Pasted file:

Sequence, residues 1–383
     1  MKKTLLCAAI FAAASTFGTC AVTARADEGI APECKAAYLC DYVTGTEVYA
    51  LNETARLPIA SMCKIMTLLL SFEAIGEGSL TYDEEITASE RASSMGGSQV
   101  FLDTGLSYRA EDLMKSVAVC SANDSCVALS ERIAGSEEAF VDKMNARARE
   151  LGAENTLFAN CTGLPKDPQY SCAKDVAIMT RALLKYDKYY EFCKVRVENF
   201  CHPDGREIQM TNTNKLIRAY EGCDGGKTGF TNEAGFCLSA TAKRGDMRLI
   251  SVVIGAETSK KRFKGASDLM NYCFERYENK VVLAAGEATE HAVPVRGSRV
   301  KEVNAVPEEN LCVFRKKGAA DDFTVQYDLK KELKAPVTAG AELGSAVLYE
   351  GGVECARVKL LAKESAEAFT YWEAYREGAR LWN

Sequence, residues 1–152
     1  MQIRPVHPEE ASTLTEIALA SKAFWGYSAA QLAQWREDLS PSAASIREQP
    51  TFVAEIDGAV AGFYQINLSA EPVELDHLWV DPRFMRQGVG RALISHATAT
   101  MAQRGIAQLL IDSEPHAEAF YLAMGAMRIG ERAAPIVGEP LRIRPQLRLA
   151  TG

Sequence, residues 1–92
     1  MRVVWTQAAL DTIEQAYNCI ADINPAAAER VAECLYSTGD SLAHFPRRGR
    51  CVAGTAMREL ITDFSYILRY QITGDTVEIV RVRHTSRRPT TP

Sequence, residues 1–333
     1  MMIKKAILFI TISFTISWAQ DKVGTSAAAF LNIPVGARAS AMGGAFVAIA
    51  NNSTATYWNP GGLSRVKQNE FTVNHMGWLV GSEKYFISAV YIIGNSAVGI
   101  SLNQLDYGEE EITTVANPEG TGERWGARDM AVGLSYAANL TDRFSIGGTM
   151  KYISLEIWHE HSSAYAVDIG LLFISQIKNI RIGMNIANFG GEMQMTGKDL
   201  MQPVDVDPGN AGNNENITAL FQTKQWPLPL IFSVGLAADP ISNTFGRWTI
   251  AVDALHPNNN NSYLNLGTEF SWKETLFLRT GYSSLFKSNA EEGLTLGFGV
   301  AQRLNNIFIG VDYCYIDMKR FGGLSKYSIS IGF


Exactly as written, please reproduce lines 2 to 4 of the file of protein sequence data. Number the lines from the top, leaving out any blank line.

     1  MKKTLLCAAI FAAASTFGTC AVTARADEGI APECKAAYLC DYVTGTEVYA
    51  LNETARLPIA SMCKIMTLLL SFEAIGEGSL TYDEEITASE RASSMGGSQV
   101  FLDTGLSYRA EDLMKSVAVC SANDSCVALS ERIAGSEEAF VDKMNARARE